In V.7-9, David celebrates God’s love. But even more, he delights in God as a fountain of life, source of light, and place of refuge. David understood this more than anyone since he was guilty of both adultery and murder.
But he confessed his guilt. Repented of his transgressions. Sought and experienced God’s forgiveness. And now celebrated the freedom of forgiveness. No wonder he delighted in God!
Followers of Jesus today can experience this same delight and access to light, life, and refuge. Although complete protection is not guaranteed on earth. Jesus taught his followers they would face persecution and death for his sake. But an eternal refuge awaited.
When you’re against or for God. God thrusts you down or lifts you up
David ends with praise in V.10-12 and asks God to guard his heart from pride and from following a path of wickedness. He recognizes that pleasing God involves pursuing righteousness. But it’s a path full of sinful sinkholes that drag you down. Especially pride. So he seeks God’s guidance for the journey.
And this is the way for followers of Jesus today. To pursue God’s righteousness wholeheartedly, but with humility. For temptation and sin surround us. So we must walk by faith, the power of God’s Spirit, and in a community of other believers.
While the final fate of transgressors is determined. Thrust down and unable to rise. Tripped up by spiritual blindness to their own rebellious hearts.
The Christmas story satisfies these longings of the heart: the search for significance, the desire for completeness, and the yearning for peace. We ponder these longings, among others, in quiet solitude. And perhaps share intimate thoughts about them with a few close friends. Yet, wonder why they are so scarce in our world today.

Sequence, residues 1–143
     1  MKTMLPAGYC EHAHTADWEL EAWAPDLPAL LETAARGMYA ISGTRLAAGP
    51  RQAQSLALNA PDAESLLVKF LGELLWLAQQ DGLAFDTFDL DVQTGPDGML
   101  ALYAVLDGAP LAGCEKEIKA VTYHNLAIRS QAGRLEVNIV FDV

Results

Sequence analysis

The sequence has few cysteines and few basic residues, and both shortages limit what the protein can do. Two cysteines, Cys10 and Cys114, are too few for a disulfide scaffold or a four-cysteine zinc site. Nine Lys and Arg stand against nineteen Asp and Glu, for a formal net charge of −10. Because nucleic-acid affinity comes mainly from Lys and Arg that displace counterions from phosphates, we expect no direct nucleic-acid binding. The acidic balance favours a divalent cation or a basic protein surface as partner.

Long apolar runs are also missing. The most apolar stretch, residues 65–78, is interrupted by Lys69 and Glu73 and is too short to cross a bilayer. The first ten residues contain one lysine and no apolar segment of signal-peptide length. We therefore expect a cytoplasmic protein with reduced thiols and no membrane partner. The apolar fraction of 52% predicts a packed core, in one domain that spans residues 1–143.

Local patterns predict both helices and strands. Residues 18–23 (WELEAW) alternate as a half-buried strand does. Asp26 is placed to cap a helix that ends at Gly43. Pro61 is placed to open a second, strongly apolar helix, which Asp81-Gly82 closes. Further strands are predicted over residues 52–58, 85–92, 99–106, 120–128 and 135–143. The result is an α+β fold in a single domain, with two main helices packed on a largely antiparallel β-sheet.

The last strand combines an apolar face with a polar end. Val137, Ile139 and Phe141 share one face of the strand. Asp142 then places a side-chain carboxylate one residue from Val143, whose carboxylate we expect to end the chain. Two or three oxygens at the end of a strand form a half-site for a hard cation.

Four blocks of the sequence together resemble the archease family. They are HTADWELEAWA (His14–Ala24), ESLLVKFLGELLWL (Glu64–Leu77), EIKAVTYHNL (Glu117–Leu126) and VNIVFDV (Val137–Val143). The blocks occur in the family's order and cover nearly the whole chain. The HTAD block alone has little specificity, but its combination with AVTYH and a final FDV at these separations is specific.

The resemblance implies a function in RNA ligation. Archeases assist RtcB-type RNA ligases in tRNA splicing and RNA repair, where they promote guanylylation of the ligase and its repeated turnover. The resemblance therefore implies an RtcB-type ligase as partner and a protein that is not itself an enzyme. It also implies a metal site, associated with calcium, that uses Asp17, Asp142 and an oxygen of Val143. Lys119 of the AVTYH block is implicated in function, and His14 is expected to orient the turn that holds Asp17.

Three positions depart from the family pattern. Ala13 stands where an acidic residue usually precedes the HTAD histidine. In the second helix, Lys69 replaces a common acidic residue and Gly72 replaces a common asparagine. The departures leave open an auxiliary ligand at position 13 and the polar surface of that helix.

Here’s how the Christmas story speaks into them.
The Christmas story satisfies these longings of the heart. Like the search for significance
Does my life matter? How can I make a difference? What is my legacy?
These ultimate questions frequently surface during the Christmas season. Because the Christmas story is about ultimate meaning. It’s a time of warmth and celebration for people surrounded by close friends and families. But lonely and full of despair for others. When you wonder if anyone cares. If there’s any real meaning to life. And contemplate your significance in it.
And the Christmas story shouts, “God cares!”
Because the story is about a God who created you. Who loves you so deeply he came to the rescue in human form. To demonstrate the depths of his love and how you can live a meaningful, abundant life that lasts forever.
The Christmas story satisfies these longings of the heart. Like the desire for completeness
Of course, in honest moments, we acknowledge the brokenness in our world. Broken within each of us. And despite our best efforts, we can’t fix it.
And so perhaps, we avoid thinking about it. Shrug our shoulders and say, “well, nobody’s perfect.” Which is true. Or maybe extol our virtues to make ourselves feel more complete. Still, it’s all woefully inadequate.